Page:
What’s Going Around: COVID-19, flu, strep throat

What's Going Around

Penn Medicine Lancaster General Health Physicians Roseville Pediatrics reports COVID-19 and the flu this week. They’re also seeing RSV which is causing bronchitis. Providers are also treating a lot of viral illnesses that are not COVID-19, strep throat, walking pneumonia, hand, foot and mouth, impetigo and a stomach bug.

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Dr. Joan Thode offered the following advice about rashes.

“Impetigo is an infection of the skin with bacteria in the streptococcal family. It frequently occurs on the face, especially at the corners of the nose and mouth, and can look like a red rash, often with a crust on top. The crust often has a yellow color to it, frequently described as “dried honey.” This rash, which can technically appear anywhere on the body, can be painful, though it often doesn’t bother the child at all.

Other breaks in the skin from cuts and scrapes, as well as other rashes such as eczema, can become infected with this bacteria, which can complicate healing. As our skin is naturally colonized with millions of bacteria, breaks in the skin can offer an opportunity for these bacteria to enter a small cut or even hair follicles.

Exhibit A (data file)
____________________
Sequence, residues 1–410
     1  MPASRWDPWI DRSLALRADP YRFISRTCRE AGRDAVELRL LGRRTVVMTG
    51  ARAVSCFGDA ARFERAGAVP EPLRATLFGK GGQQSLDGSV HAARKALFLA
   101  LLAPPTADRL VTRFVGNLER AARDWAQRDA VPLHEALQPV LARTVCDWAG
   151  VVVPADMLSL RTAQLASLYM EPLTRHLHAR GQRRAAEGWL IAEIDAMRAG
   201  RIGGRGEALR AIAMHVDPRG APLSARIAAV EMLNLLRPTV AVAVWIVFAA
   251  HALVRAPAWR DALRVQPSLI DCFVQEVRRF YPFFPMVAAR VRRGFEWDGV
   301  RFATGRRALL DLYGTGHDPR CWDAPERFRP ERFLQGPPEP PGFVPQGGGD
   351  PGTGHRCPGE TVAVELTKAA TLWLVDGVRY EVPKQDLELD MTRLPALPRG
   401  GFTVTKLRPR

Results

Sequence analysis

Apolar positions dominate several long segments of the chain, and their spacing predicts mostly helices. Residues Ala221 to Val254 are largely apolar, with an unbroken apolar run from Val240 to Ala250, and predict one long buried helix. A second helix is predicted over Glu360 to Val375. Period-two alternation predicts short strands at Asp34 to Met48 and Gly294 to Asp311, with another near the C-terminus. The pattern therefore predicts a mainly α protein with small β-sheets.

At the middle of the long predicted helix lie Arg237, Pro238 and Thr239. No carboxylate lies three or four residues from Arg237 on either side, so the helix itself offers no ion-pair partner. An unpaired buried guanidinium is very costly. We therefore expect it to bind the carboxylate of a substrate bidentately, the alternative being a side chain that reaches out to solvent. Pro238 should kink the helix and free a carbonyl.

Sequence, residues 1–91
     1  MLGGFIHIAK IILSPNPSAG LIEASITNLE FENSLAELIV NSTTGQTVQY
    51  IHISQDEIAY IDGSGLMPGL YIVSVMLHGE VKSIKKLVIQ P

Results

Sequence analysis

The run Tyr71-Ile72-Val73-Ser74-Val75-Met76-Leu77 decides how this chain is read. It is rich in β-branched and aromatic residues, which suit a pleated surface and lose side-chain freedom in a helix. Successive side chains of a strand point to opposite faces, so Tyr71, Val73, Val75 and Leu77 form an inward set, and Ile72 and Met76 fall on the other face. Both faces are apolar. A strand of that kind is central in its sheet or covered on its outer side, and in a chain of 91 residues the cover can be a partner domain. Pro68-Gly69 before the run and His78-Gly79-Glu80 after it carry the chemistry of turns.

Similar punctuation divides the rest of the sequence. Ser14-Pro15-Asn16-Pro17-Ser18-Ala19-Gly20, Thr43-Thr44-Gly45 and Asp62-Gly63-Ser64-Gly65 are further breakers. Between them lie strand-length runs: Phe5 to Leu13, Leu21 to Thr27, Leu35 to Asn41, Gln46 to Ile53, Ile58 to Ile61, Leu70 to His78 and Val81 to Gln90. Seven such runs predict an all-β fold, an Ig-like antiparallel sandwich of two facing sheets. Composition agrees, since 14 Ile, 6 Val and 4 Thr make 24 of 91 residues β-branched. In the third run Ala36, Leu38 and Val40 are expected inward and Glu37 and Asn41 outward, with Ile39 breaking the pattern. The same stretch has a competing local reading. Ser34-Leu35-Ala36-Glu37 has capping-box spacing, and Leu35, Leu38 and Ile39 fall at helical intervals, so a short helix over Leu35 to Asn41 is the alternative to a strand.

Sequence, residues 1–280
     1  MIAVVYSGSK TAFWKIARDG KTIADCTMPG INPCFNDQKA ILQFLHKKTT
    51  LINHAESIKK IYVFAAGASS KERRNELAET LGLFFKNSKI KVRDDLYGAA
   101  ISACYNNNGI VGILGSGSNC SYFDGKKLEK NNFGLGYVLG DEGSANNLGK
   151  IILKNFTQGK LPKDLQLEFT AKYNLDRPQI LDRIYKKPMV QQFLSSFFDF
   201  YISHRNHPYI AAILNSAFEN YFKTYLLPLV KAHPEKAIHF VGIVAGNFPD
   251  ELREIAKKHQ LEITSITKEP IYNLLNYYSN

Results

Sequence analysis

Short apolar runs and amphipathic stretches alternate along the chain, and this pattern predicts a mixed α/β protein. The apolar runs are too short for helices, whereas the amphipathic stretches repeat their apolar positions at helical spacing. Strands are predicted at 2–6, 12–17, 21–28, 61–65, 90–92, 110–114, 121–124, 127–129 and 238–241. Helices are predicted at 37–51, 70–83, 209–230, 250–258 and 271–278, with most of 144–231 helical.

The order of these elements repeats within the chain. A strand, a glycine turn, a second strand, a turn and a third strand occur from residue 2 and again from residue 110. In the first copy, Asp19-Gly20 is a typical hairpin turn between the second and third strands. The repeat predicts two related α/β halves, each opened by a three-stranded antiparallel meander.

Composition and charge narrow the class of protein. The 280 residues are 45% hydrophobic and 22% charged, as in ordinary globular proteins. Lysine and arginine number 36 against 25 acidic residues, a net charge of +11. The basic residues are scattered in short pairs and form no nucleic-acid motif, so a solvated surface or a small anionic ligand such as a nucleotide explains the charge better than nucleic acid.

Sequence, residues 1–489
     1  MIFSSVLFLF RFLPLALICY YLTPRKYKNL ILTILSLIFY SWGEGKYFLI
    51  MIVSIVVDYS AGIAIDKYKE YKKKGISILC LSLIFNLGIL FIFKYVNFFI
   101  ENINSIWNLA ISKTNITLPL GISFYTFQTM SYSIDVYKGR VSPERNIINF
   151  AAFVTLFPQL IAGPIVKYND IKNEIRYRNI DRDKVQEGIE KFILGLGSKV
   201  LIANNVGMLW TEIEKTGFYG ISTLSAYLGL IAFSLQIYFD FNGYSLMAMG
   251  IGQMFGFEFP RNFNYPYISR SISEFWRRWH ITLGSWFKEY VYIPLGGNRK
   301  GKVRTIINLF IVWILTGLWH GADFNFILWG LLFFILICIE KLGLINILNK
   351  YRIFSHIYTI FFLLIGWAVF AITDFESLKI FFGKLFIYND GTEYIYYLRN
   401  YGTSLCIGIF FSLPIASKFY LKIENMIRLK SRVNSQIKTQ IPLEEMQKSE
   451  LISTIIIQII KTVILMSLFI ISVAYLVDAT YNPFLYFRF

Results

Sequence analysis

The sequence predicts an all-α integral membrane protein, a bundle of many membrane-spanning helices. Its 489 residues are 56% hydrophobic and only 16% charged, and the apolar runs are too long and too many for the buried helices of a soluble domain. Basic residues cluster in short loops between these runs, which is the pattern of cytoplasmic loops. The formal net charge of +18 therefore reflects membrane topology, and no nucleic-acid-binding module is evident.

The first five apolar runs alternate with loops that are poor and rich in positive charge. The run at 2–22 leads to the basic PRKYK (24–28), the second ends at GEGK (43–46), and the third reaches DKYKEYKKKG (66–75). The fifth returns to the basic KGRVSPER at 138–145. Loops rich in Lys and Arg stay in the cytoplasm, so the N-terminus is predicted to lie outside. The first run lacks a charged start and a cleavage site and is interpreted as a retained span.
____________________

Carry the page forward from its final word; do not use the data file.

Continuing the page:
Any crusting rash, a rash that does not get better after a week or so, or a rash that seems to get progressively redder should be evaluated by a doctor. Impetigo is treated with a topical antibiotic cream and sometimes additional oral antibiotics, depending on the severity of the infection.

Because other rashes also can have various forms of crusting, such as fungal infections, psoriasis and eczema, it’s always a good idea to have any kind of “crusting rash” evaluated.

Any rash around the eyes should be discussed with a doctor immediately. While relatively rare in kids, shingles and herpes viruses around the eye would warrant a specialized evaluation by an ophthalmologist and rapid starting of oral medications.”

This week the CVS MinuteClinic in York saw more sick patients. They diagnosed strep throat, COVID-19, and several cases of influenza A.

This week, pediatricians at Penn State Health Children’s Hospital are seeing upper respiratory viruses, adenovirus, strep throat, hand, foot and mouth disease, COVID-19, and the flu.

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